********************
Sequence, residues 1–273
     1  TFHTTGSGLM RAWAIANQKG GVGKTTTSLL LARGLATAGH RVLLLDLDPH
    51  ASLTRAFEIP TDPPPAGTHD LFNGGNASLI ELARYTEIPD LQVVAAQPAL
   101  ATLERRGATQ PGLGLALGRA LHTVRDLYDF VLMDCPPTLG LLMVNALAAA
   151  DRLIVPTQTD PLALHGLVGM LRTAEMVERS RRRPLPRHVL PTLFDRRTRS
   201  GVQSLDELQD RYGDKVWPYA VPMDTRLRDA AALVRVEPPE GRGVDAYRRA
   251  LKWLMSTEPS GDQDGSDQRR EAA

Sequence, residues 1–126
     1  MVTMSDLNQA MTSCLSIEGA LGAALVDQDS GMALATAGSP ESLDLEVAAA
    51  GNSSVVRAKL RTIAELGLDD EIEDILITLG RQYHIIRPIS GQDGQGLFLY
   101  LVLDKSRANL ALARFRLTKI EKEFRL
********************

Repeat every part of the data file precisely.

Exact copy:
Sequence, residues 1–273
     1  TFHTTGSGLM RAWAIANQKG GVGKTTTSLL LARGLATAGH RVLLLDLDPH
    51  ASLTRAFEIP TDPPPAGTHD LFNGGNASLI ELARYTEIPD LQVVAAQPAL
   101  ATLERRGATQ PGLGLALGRA LHTVRDLYDF VLMDCPPTLG LLMVNALAAA
   151  DRLIVPTQTD PLALHGLVGM LRTAEMVERS RRRPLPRHVL PTLFDRRTRS
   201  GVQSLDELQD RYGDKVWPYA VPMDTRLRDA AALVRVEPPE GRGVDAYRRA
   251  LKWLMSTEPS GDQDGSDQRR EAA

Sequence, residues 1–126
     1  MVTMSDLNQA MTSCLSIEGA LGAALVDQDS GMALATAGSP ESLDLEVAAA
    51  GNSSVVRAKL RTIAELGLDD EIEDILITLG RQYHIIRPIS GQDGQGLFLY
   101  LVLDKSRANL ALARFRLTKI EKEFRL